The Centennial Fountain and Climate Change

Ptbo’s Centennial Fountain and Climate Change

As many of you will know, city council on January 15th passed a motion to reduce the operation of Peterborough’s Centennial Fountain changing the operating season from the current period of Victoria Day weekend to Thanksgiving, to a reduced period of Canada Day to Labour Day.

The Centennial Fountain, for those unacquainted with it, is one of Peterborough’s many tourist attractions admired by residents and visitors alike. Rising up from Little Lake in the centre of our community, water from the fountain reaches pretty high – in fact, the Centennial Fountain is Canada’s highest jet fountain with 76 m (250 ft) of water arching skyward.  You can find out more about the fountain at:  How It Works: Centennial Fountain. More information on the fountain and its history can be found at: Building of the Centennial Fountain – PTBO archive footage

While many are familiar with the history and visual impact of the fountain, in this blog, I want to tell its carbon story, and help clarify the thought process behind my motion to reduce the operation of this ornamental feature of Little Lake.

So, why shorten the in-service time of the fountain, and why did this discussion arise during budget deliberations?  It all comes down to a commitment to new, and more aggressive climate mitigation targets in addition to the responsible use of tax payer dollars.

Paper bound draft budget report with turquoise cover
The City of Peterborough 2020 Draft Budget Highlights Book

Keep in mind that council had an extra mandate this year in reviewing the budget, and as such, the Climate Emergency resolution appeared at the beginning of our budget books to remind us that we have committed to:

  • Greatly accelerate timelines for our existing actions to reduce the effects of climate change;
  • Add new actions and proposals to reduce greatly our GHG emissions;
  • Identify the budgetary implications of proposed actions;
  • …achieve a target of 45% Greenhouse Gas (GHG) emission reduction by 2030 and net zero by 2050; and
  • engage and educate the public regarding this crisis to support the city’s efforts to meet these goals.

The Centennial Fountain came to my attention when I was reviewing the 2020 budget documents – all 1,095 pages!  Operation of the fountain falls under the Environmental Services budget within the Draft 2020 Budget Highlights book. Environmental Protection revenues matched expenditures for every line item except for the Centennial Fountain. 

This got me thinking: I wondered how many months the fountain runs and how much energy the fountain pump uses?

In viewing the Centennial Fountain budget line through the lens of climate change, I decided to ask staff for the electrical consumption data on the pump that is the driving force for the jet fountain.  The 2018 monthly billing numbers from our utility demonstrated that the pump used 457,935 kWh in total.  The next step was to determine the approximate carbon footprint for this level of energy consumption using a co-efficient provided by the Ministry of Energy, Northern Development and Mines.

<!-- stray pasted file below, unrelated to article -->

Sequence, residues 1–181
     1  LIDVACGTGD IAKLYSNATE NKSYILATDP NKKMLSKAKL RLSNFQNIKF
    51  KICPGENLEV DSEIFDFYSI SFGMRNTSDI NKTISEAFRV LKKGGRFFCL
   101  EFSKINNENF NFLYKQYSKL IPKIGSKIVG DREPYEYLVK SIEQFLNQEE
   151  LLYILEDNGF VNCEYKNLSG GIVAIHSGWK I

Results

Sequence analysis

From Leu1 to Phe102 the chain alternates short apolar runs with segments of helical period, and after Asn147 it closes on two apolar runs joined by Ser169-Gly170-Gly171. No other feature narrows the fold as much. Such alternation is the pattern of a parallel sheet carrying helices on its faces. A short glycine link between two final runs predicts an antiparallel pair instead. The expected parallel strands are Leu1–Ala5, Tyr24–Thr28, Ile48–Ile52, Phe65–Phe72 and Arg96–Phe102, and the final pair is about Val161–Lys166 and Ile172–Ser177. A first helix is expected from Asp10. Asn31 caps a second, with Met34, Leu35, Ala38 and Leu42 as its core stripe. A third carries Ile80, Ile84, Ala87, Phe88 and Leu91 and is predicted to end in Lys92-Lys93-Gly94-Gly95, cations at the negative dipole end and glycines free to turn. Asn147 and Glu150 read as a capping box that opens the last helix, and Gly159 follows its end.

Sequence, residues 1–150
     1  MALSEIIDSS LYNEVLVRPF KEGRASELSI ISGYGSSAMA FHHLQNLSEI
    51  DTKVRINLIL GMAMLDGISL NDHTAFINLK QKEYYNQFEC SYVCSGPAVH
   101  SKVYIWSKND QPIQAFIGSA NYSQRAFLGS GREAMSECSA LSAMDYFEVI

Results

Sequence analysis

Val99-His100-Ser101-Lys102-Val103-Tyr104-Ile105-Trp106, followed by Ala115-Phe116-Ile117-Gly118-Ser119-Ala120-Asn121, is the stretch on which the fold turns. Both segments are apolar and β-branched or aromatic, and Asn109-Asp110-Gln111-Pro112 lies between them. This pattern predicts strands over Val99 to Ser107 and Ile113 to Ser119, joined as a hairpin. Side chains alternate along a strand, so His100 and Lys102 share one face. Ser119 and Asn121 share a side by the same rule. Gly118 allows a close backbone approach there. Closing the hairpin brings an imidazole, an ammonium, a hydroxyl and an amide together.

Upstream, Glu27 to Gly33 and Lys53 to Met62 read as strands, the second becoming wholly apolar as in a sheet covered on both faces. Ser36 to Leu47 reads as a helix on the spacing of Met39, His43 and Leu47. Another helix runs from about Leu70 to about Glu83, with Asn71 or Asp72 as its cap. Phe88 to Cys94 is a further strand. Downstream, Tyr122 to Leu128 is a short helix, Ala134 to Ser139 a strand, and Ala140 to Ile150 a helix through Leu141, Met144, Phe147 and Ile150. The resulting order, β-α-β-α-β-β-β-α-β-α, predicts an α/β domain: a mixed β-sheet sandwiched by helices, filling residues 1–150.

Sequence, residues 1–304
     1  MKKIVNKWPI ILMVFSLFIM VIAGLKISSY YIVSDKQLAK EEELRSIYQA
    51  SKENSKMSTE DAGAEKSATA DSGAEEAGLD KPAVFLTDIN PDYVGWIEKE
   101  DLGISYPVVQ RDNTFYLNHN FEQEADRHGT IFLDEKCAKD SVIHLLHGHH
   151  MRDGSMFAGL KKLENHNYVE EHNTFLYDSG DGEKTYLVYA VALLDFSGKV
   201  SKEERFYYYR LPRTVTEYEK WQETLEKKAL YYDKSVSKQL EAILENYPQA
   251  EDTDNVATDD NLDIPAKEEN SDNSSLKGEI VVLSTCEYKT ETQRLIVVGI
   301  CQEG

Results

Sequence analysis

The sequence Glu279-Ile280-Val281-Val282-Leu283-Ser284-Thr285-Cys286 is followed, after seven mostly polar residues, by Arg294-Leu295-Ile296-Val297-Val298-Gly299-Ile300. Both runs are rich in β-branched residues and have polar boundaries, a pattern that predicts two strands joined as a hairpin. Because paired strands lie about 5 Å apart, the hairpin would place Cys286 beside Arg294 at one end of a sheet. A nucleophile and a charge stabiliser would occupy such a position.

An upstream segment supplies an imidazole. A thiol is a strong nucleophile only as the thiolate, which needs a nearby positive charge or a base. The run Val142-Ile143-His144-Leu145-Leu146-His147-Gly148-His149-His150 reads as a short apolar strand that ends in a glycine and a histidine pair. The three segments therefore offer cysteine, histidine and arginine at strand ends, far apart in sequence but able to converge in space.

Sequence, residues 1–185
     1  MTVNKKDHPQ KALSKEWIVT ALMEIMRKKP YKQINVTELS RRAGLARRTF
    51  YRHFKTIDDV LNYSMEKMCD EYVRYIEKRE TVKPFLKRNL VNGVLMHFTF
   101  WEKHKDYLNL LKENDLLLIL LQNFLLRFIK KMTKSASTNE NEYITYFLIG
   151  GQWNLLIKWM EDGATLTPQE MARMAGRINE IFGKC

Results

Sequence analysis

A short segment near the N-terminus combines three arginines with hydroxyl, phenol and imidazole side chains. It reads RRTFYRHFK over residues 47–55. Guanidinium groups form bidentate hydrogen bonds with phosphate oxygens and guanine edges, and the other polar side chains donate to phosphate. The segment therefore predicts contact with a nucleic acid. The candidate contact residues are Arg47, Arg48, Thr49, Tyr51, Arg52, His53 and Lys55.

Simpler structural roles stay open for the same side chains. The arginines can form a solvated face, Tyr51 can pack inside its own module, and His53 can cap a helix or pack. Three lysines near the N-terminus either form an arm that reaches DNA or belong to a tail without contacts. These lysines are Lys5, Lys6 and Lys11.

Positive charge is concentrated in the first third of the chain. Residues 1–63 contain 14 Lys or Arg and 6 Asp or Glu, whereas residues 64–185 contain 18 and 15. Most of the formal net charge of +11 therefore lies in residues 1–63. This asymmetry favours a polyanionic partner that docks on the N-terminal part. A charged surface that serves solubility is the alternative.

Each year the provincial Ministry of Energy, Northern Development and Mines provides all municipalities with a co-efficient representing the generation mix on the Ontario grid.  The mix of modes on the Ontario electrical grid is constantly changing as nuclear units are shut down for decommissioning, or for maintenance; extra capacity for peak demand is synchronized or removed; and as the contribution from renewables fluctuates based on the season and time of day. While this is an oversimplification, the take-away idea is that the co-efficient represents an annual average.  The current mix on the grid can be found at the Independent Electricity System Operator Website.

Another area of complexity is the unit used to express electrical consumption as a measure of greenhouse gases: the unit is tCO2e which is a unit of equivalency.  The ‘t’ stands for metric tonnes which is equal to 1,000 kg.  As there are differing types of gases emitted in the life cycle generation of electricity, a base is required for expressing the contribution of other GHGs like methane, or N2O.  Carbon is the base. Staffed informed me that, “this allows for all greenhouse gases to be compared against each other and combined to generate one final GHG emission figure. Carbon is the base currency that all other GHGs are converted to.”  For example, one tonne of methane equals 25 tonnes of CO2 (25 tCO2e).